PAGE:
Don’t Judge a Book by Its Cover
I picked up the slim volume from my local library and turned it over in my hand. Hmm, I thought, Seven Women: And the Secret of their Greatness by Eric Metaxas – biographies of seven women. This looks like an easy read – interesting but not life changing. But when I cracked it open and read the list of names on the contents page, it was not what I was expecting.
A young girl who led an army, the mother of Methodism, and a cultured advocate of abolition. An untraditional nun of the Orthodox Church, the leader of an underground movement, an advocate for racial justice, and a Catholic nun who started her own order. These statements are just a small glimpse into the lives of these seven women. And trying to figure the women out proved to be difficult.
Eric Metaxas is the best-selling author of Bonhoeffer, as well as several other books. He has a varied career history, from writing for VeggieTales to being the keynote speaker at the 2012 National Prayer Breakfast. He has been described as a “photogenic, witty ambassador for faith in public life,” and trying to figure him out has been dubbed, “like trying to stick a pushpin in a cyclone.” The seven women who he included in his book could well have been described the same way.
Don’t Skip the Introduction
Seriously, don’t. In the introduction, Metaxas lays the groundwork for the following biographies in some profound statements about femininity. He says that when we praise only the women who were the first to do something in a male-dominated field, such as the first woman in space, we miss the point of God’s design. Feminism today, in seeming to insist on equal footing, only pits women against men – a comparison we were never meant to make. The women Metaxas includes in his book were great, “for reasons that derive precisely from their being women, not in spite of it; and what has made them great has nothing to do with their being measured against or competing with men” (xv).
Who is She?
Joan of Arc starts the chronological biographies and is followed by Susanna Wesley, Hannah More, Saint Maria of Paris, Corrie Ten Boom, Rosa Parks, and Mother Teresa. If you are already cringing at some of the names regarded by Metaxas as great women of faith, then you are right where I was, especially as a non-resistant Anabaptist, when I began my way through the book.
Metaxas’ style of writing is easy to read, even though he sticks to the basics of telling the historical accounts without much embellishment. Each biography is thorough, but concise. Often I found myself so interested in the woman he was describing that I wanted to further research questions such as “How is the Orthodox Church different than the Catholic Church?” and “Where can I find one of Hannah More’s poems?”
But what was I going to do with these women? Joan of Arc led an army at the age of 17, not something I would encourage. She claimed messengers from God had given her specific instructions, and the crazy thing was that people listened to her and her prophecies came true.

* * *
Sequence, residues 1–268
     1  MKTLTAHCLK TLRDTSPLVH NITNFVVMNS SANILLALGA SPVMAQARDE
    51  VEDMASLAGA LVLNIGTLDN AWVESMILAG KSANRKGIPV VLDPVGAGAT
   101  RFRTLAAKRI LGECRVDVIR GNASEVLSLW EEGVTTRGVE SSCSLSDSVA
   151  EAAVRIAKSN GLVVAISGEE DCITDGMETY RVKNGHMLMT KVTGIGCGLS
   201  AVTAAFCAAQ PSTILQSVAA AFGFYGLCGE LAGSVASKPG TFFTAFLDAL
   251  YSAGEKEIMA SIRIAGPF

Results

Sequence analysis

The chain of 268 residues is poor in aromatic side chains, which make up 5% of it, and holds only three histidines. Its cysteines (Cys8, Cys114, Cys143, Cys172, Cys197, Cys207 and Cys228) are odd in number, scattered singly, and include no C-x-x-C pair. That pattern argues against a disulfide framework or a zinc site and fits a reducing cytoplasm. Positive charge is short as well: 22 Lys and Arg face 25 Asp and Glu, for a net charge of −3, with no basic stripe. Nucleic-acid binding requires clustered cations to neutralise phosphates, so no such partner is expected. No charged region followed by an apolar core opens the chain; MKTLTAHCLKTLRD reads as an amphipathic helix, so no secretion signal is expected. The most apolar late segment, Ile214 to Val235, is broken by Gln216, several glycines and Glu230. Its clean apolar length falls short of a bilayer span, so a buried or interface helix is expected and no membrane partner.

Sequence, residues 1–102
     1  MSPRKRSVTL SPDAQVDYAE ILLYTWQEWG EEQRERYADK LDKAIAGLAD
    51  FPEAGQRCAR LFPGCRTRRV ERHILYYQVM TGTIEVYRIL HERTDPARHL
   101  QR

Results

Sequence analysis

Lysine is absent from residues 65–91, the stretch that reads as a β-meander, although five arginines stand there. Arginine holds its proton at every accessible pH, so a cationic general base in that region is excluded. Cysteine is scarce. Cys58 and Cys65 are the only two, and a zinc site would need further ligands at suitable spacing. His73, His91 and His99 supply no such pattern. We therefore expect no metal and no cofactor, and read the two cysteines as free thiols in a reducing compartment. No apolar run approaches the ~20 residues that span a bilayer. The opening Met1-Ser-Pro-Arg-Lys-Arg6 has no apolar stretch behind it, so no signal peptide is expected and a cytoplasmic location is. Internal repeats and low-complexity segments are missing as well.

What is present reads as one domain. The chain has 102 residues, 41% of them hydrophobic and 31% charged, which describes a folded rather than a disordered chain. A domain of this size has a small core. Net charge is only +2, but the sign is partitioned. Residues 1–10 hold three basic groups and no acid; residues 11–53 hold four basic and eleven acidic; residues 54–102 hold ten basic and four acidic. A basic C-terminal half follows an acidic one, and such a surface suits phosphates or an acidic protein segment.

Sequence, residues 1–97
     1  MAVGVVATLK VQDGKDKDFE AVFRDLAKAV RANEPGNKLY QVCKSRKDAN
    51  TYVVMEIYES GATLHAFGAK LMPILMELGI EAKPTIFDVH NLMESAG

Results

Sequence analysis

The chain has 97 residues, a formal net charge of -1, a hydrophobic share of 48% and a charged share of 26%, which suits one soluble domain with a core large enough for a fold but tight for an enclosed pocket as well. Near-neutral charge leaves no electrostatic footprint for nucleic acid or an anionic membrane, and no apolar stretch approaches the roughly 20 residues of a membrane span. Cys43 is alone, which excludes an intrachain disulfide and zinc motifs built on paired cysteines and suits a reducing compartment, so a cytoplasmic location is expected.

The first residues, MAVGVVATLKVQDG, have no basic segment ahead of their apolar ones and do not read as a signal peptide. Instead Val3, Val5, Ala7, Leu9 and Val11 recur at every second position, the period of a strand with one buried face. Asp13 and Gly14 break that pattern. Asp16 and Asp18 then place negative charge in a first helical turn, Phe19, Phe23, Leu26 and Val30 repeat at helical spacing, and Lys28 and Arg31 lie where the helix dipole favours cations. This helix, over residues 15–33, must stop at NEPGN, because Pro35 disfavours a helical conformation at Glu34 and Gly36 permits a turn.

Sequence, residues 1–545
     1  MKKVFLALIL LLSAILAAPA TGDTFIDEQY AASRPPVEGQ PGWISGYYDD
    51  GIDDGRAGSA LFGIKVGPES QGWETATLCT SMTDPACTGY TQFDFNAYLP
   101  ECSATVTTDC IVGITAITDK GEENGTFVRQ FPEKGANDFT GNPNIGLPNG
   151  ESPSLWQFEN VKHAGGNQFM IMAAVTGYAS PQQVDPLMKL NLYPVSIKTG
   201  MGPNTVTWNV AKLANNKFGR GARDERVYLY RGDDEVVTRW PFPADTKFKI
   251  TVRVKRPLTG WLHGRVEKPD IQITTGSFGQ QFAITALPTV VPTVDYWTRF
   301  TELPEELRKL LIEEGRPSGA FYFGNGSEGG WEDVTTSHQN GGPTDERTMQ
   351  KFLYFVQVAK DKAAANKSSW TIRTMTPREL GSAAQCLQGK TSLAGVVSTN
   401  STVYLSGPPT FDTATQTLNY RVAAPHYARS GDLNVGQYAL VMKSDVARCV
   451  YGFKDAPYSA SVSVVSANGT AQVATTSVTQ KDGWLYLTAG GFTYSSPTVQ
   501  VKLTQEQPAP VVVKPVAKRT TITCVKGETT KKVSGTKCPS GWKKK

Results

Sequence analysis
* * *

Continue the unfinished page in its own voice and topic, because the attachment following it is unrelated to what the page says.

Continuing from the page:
Susanna Wesley raised ten children, and became known as the Mother of Methodism for her strong influence on the lives of her sons, John and Charles. But Susanna was a paradox as well: she was separated from her husband for a time, lived in extreme poverty on account of his inability to manage money, and had several children who either had unhappy marriages or divorced their spouses.
These two women are examples of the question I faced with most of the biographies: were these women truly great? Their lives were not traditional, and it seemed like they had many sins and mistakes. I also disagreed with some of their ideology and expressions of faith. Because of this, I struggled to accept their accounts of greatness. What is the point of knowing the lives of these seven women from all different labels of Christianity?
The answer is Jesus Christ. I believe the point Metaxas was trying to make through his book is that passionate love for Jesus Christ manifests itself in actions for others. I was especially moved by the faith of Mother Teresa. She didn’t worry about what others would say, how she would continue her work, or even if she was enabling a spirit of entitlement in those she helped. She just met the needs she saw in front of her. Her thirst for Christ was beautiful and it showed itself in her life because, “She saw Jesus in every man, woman, or child she met, and she treated them accordingly” (168).
Seven Women and the Secret of Their Greatness might not be the book you are looking for if you want to see pat answers to struggles and circumstances in life. But if you want to be challenged by real women who truly believed love for God could only result in love for others and whose lives proved they believed it, this book is for you.
|Sadie Werner lives with her noisy, loving family in Mount Joy, Pennsylvania. She is excited about the adventure of life God is leading her on and desires to live full of His Spirit. Currently she attends Harrisburg Area Community College part-time, works part-time, and volunteers at a crisis pregnancy center. Usually found reading, she also enjoys being outside, going to coffee-shops and libraries, and playing piano. She dreams of one day publishing a book.
1. “About.” Eric Metaxas :: About. N.p., n.d. Web. 13 Feb. 2017.
2. Metaxas, Eric. Seven Women: And the Secret of Their Greatness. Nashville, TN: Nelson, 2016. Print.